test: WARNING: You can safely ignore errors related to missing log files when

    test:   upgrading from a version of Chocolatey less than 0.9.9.

    test:   'Batch file could not be found' is also safe to ignore.

    test:   'The system cannot find the file specified' - also safe.

    test: chocolatey.nupkg file not installed in lib.

    test:  Attempting to locate it from bootstrapper.

    test: PATH environment variable does not have C:\ProgramData\chocolatey\bin in it. Adding...

    test: WARNING: Not setting tab completion: Profile file does not exist at

    test: 'C:\Users\Administrator\Documents\WindowsPowerShell\Microsoft.PowerShell_profile.ps1'.

    test: Chocolatey (choco.exe) is now ready.

To further illustrate running PowerShell in Vagrant, I will incorporate the powershell_elevated_interactive option in my Vagrantfile. Here, I want to stop the netlogon service, which would require administrative privledges.

Vagrant.configure("2") do |config|

    config.vm.define "test" do |test| = "eratiner/w2016x64vmX" "private_network", ip: ""

        test.vm.hostname = "test"

        test.vm.provision "shell", privileged: "true", powershell_elevated_interactive: "true", inline: <<-SHELL

        Restart-Service -Name wuauserv –Force -Verbose




After running vagrant up, we see the privileged option ran without error:

==> test: Running provisioner: shell...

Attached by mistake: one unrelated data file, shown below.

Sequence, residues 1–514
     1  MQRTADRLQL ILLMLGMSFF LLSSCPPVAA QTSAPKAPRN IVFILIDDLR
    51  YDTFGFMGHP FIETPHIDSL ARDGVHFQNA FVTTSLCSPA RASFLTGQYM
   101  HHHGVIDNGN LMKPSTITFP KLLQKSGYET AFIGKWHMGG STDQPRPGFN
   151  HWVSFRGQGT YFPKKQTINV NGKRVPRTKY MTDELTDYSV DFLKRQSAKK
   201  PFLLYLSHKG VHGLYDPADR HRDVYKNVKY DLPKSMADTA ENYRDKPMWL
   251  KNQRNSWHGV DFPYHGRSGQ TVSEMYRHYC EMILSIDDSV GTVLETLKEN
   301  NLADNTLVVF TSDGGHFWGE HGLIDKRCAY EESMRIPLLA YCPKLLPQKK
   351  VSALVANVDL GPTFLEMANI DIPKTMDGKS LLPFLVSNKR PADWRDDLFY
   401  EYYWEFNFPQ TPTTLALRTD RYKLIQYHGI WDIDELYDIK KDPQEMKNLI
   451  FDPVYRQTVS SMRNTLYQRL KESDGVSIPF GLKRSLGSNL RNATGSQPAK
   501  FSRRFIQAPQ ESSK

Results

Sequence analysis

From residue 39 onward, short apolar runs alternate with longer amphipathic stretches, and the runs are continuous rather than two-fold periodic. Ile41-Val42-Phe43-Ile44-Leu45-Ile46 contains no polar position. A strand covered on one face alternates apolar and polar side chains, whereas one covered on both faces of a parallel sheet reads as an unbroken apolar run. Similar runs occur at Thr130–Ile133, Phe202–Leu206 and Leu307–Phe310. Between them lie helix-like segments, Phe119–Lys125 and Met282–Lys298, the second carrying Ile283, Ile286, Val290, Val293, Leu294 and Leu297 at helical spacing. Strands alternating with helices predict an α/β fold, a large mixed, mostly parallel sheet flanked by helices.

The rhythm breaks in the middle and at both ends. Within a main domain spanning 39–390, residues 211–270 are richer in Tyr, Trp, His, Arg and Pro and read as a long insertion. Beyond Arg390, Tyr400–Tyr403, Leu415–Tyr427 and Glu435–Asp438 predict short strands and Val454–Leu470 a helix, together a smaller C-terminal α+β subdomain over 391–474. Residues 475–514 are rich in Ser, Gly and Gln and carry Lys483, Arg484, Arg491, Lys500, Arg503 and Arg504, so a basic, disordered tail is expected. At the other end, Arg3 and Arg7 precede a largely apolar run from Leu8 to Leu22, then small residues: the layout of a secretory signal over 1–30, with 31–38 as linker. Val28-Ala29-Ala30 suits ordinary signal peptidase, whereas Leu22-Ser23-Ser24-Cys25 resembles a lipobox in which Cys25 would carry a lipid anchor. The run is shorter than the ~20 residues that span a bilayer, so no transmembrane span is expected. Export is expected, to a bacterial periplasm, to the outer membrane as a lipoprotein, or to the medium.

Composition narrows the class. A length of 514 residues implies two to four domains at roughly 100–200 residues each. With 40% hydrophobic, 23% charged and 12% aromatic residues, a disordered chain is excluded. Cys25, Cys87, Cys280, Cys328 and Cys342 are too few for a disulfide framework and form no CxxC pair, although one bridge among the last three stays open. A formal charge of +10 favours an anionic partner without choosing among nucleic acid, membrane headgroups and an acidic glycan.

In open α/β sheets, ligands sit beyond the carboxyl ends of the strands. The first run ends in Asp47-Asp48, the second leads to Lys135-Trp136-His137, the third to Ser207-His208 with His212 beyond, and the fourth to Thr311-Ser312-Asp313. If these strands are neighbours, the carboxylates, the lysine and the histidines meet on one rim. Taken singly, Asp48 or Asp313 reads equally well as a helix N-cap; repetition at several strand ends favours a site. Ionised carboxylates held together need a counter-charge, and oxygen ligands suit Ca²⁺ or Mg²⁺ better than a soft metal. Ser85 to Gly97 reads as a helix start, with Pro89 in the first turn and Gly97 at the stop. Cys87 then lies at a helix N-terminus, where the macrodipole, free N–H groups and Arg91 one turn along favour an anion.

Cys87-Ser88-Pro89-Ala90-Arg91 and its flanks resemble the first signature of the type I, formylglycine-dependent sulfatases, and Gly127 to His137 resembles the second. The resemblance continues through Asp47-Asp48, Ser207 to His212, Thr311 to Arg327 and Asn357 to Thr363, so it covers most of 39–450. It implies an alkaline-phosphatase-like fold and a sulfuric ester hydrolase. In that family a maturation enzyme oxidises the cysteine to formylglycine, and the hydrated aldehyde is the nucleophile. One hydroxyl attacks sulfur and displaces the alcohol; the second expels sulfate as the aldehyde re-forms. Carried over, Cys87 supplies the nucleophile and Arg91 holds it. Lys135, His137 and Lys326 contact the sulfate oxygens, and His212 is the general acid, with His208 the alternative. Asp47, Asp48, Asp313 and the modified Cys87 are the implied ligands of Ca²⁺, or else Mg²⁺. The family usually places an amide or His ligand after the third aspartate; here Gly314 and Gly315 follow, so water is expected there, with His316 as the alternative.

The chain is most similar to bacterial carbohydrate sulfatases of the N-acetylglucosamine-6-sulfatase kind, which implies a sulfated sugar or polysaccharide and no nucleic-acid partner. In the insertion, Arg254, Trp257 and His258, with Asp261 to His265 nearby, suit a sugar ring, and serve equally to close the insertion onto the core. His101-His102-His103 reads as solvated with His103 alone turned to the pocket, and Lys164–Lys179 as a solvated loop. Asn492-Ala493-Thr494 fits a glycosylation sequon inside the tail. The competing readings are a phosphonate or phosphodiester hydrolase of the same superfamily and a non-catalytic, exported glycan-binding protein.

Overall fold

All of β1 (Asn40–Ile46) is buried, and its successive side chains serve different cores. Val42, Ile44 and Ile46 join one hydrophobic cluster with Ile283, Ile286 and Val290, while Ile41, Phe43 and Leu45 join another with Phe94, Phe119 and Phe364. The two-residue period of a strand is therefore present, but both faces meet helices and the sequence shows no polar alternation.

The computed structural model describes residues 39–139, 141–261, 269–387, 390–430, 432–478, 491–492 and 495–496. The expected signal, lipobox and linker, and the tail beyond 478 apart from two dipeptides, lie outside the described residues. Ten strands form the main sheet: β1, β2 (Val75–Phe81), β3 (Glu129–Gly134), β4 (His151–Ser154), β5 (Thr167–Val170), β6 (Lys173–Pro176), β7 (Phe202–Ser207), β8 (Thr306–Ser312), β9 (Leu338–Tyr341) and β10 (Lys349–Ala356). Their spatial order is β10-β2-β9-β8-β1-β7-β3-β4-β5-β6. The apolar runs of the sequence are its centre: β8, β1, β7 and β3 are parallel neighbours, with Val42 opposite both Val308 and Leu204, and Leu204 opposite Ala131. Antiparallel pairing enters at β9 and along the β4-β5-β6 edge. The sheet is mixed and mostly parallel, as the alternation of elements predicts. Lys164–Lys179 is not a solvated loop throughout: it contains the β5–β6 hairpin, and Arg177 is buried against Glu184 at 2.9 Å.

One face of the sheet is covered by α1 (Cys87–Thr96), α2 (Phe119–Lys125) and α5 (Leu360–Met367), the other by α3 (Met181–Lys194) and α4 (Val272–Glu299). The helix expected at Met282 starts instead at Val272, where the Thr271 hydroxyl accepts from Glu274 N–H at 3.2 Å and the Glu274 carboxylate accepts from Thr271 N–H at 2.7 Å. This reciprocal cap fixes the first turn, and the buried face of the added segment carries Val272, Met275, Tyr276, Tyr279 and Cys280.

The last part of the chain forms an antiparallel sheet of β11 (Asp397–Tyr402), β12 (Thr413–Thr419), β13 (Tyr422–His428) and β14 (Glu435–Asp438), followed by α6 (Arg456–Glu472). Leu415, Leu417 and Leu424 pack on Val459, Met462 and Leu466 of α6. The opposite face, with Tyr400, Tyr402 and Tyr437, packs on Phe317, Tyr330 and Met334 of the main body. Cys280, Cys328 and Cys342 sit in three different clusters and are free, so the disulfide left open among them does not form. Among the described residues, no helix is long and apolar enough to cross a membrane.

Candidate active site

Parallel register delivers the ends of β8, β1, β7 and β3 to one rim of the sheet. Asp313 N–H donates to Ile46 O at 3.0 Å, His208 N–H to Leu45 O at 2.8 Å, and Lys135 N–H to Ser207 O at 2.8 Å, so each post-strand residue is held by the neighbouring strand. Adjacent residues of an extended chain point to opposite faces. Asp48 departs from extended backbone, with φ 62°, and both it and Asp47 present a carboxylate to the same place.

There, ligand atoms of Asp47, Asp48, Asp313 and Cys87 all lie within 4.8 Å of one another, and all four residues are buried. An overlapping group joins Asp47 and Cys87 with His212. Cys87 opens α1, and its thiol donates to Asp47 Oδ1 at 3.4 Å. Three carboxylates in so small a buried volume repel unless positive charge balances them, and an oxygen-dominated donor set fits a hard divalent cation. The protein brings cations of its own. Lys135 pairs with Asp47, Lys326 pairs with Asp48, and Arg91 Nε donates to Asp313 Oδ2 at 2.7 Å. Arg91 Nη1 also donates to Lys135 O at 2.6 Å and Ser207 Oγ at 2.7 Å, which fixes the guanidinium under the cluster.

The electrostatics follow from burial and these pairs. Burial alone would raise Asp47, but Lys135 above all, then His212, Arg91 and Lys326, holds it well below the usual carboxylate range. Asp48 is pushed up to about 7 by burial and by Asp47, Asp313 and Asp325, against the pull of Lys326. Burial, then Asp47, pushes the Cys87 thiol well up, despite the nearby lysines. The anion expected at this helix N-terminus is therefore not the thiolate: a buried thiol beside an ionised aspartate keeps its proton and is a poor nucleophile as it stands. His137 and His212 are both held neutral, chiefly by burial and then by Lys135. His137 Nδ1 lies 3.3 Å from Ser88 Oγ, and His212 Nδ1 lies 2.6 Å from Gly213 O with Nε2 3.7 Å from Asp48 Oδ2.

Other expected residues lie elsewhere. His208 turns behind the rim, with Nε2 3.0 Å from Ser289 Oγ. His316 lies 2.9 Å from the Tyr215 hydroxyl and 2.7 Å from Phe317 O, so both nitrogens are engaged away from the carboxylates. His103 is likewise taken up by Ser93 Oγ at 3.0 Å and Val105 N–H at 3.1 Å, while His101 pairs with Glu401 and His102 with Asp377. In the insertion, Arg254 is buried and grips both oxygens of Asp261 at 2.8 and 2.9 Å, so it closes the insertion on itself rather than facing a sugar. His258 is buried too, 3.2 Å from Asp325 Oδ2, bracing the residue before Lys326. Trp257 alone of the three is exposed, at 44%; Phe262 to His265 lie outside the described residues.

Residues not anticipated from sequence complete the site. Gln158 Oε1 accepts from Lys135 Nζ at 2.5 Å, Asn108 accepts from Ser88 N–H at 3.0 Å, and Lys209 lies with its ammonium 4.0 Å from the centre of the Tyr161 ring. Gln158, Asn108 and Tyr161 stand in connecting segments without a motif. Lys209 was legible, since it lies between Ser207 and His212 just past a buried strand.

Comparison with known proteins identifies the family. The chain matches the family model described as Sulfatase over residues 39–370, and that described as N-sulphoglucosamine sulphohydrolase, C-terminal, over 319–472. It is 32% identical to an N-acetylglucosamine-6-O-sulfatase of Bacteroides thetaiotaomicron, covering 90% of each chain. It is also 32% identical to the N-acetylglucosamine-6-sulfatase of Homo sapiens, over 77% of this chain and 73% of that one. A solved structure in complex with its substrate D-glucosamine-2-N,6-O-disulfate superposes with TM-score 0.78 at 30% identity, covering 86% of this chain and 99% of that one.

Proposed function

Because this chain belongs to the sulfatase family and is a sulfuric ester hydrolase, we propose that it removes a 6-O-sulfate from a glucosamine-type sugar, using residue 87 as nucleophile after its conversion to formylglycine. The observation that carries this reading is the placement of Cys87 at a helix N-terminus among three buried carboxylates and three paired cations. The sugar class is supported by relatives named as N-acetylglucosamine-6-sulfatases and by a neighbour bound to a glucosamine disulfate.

test: Running: inline PowerShell script

    test: VERBOSE: Performing the operation "Restart-Service" on target "Windows Update (wuauserv)".

In the next example, I want to run a PowerShell script that is stored in my Vagrant root folder named Restart-WUService. This script does the same thing the above shell command does: restart the Windows Update Service. Note that Vagrant copies the script from my host machine to the guest virtual machine into the script vagrant-shell.ps1 and runs it remotely.

Here, I show via the ls command on my Mac that my PowerShell script is in my Vagrant root folder:

Dans-MacBook-Pro:vagrant-powershell dan$ ls

Restart-WUService.ps1           VagrantFile

In my Vagrantfile, I have removed my inline shell configurations and instead just point to my local PowerShell script Restart-WUService.ps1.

Vagrant.configure("2") do |config|

    config.vm.define "test" do |test| = "eratiner/w2016x64vmX" "private_network", ip: ""

        test.vm.hostname = "test"

        test.vm.provision "shell", privileged: "true", powershell_elevated_interactive: "true", path: "Restart-WUService.ps1"


==> test: Running provisioner: shell...

    test: Running: Restart-WUService.ps1 as c:\tmp\vagrant-shell.ps1

    test: VERBOSE: Performing the operation "Restart-Service" on target "Windows Update (wuauserv)".


Configuration management is the modern way to provision servers, but in certain circumstances, the ability to run shell scripts is still necessary. Vagrant supports the two most popular methods, bash and PowerShell.


Dan Franciscus

Dan Franciscus is a systems engineer and VMware Certified Professional (VCP) specializing in VMware, PowerShell, and other Microsoft-based technologies. You can reach Dan at his blog ( or Twitter at @dan_franciscus.